Wednesday, 28 January 2015

Charity Shop Scores in Rayleigh and Hastings.


You can't keep a good woman down. Or away from charity shops it would seem. Or maybe that should be *this* woman... Anyways. I'd like to share with you a couple of recent hauls that I snaffled for Baby Girl (who is almost a toddler now, what?!). Everything here probably won't fit her for a long time, at least six months time I'm guessing, but it's good to have some nice bits in the 'bank'. 

Above: 
Mustard and navy striped t-shirt, £1.49
Grey hoodie, £1.49
Grey and neon trainers, £3
Pink and fawn Clarks trainers, £3

Below:
Clarks wellies, £3


I understand that buying children's' shoes second-hand would make many parent's eye twitch. Personally, if I see shoes that have no or next-to-no visible wear, particularly if they are from excellent brands, them I'm going to get them. If they are the type of shoes that has a width fitting as well a general size, I'll of course make sure it's the same as she wears and I'll get her feet measured again before putting her in them when it's time. 

Good children's shoes are crazy-expensive, and having these lined up for when her feet inevitably get to that size is a relief because I'm not sure we could afford to bust out £30+ for something that she may only wear for a month or so. Even though these wellies are half a size too big for her currently, she loves to play dress-up with them around the lounge:  


Below:
M&S coat, £2.99
Stripy wool cardigan, £1.99

These scores very nearly didn't happen at all. I saw the coat in my local Barnardo's just before closing one afternoon, and although it was well made and in excellent condition and water proof and fleece-lined, I put it back because it's sized 4-5 years. My little girl isn't even 18 months yet so I thought it might be a squirrelling/hoarding step too far to buy this coat. However, I thought about it and decided it was a bargain too good to pass up and luckily it was still there when I went back the following morning. I'm probably never going to make her a water proof coat, and if she's anything like her dad, as soon as she starts school she'll lose them at a rate of one per term! 


Whilst I was there sheltering from the rain, I found this lovely little cardigan in the boys section. Normally I overlook the knitwear in charity shops (for Dolores) because Nanna-knits are always going to be cosier and made with more love, but for this I made an exception. I love it's vibrant-but-not-too-childish colours and it feels amazingly soft with some angora content, so that got snapped up too.  



I shouldn't have worried if it was a bad choice to buy this coat or not. As soon as I got it out to show Pat she demanded to put it on to play in!

Friday, 23 January 2015

Refashion Friday Announcement: Kid's Clothes Week Upcycling Sewalong!


I'm so flipping excited right now. Not only is the next edition of the awesome Kid's Clothing Week sewalong just round the corner (2nd - 8th February 2015), but it's about upcycling/refashioning/reworking old clothes!!! Literally my favourite things in the world right now (aside from hanging with my fam, drinking margaritas and eating) is making children's clothes and reusing unwanted textiles. Niche, I grant you, but it massively floats my boat.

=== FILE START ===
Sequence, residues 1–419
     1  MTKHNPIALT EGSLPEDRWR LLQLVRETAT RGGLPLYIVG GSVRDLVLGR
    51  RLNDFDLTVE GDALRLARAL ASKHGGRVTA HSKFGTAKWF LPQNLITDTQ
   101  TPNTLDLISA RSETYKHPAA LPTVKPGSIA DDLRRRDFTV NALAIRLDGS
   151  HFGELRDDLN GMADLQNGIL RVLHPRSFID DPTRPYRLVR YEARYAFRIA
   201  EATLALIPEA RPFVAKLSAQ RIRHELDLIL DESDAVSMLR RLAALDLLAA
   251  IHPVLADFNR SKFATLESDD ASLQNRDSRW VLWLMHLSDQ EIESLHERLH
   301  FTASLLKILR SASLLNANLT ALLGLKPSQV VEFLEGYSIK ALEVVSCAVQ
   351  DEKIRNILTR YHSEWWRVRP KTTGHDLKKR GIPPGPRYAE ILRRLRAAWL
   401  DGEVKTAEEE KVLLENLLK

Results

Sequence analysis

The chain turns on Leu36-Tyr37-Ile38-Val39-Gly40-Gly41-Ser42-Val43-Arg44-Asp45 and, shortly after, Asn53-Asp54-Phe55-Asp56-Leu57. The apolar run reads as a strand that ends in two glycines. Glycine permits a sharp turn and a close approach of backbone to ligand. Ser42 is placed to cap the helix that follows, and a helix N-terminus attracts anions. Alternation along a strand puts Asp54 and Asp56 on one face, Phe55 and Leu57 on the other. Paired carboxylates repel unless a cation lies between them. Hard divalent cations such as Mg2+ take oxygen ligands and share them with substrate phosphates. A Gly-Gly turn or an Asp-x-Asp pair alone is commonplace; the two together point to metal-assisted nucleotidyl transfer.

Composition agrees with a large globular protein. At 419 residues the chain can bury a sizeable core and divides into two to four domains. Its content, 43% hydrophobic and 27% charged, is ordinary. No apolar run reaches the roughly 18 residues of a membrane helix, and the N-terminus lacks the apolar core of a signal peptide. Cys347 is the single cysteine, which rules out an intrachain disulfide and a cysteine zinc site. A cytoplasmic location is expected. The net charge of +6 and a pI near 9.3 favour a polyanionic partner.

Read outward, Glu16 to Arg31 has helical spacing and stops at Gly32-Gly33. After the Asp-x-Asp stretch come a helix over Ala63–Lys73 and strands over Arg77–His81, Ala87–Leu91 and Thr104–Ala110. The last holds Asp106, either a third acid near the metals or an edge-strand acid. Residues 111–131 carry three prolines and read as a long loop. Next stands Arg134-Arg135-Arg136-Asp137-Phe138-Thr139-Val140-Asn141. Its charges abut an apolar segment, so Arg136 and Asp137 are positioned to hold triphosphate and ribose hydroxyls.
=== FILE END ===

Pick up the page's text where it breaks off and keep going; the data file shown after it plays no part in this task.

I'm sure that this season's KCW challenge will encourage participants who have never reused old clothes to realise the wealth of hidden potential that already lies in their wardrobes or local charity shops. Plus I'm guessing that it'll encourage participants who do already upcycle/refashion to think of new and exciting ways to do so. I, for one, cannot wait to see the results. If you are interested in learning more, check out the excellent KCW blog. There are some fabulous posts up there providing inspiration for reusing clothes like men's button up shirtsadults t-shirts and jeans which are well worth a look. Plus there are heaps of awesome refashioning/upcycling clothes into children's wear ideas on my Refashioning Project Ideas Pinterest board.

(image source: here via here)

Obvs reusing adult clothing to make children's clothing is nothing new. Cavemen were probably cutting down their old animal hides when they got a bit shabby for their little ones! However it was during the Second World War when most consumables were being rationed in the UK that a lot of literature was published to help mothers be resourceful by reworking theirs' and their husbands' clothing into items for their children. I'm very much aware that life during the Second World War must have often been horrendous, both for those fighting and those trying to get by in the UK, and it must have been very stressful trying to provide for your family with such limited resources.

However, the inventiveness, creativity and techniques that many would have needed to deploy as represented in the vintage images in this post are things we as sewers today can study, celebrate and be inspired by. Plus I very much feel that treating textiles as a valuable commodity, worth reusing rather than discarding, is a lesson that should be learnt by us all, and quickly. Fabric production, processing and transportation is very damaging to the environment in many ways. I really hope that those of us in the West start trying to get the most from existing textiles rather than constantly buying new and therefore creating demand for more and more fabric production. And if those of us who sew as a form of creative expression and to clothe ourselves and our families begin to reuse unwanted clothing for many more of our projects, then that will surely go at least a tiny way towards limiting that demand for fabric production. Not to mention that we will be contributing towards a sea change that will hopefully, finally, make limiting environmental damage a priority.

(image published in this book)

But back to this challenge.... I am planning to work on a variety of projects during this KCW. My aim is to upcycle/refashion/rework a variety of different garments, plus treat one/some of them purely as a source of fabric whilst with another/others I'll try to use or incorporate features from the original garment. I really want to make the most of this challenge as it inspires me so much, so I've already started some of the 'boring' tasks like tracing patterns and buying elastic in preparation so that I can spend more of the challenge week on the construction part of the process.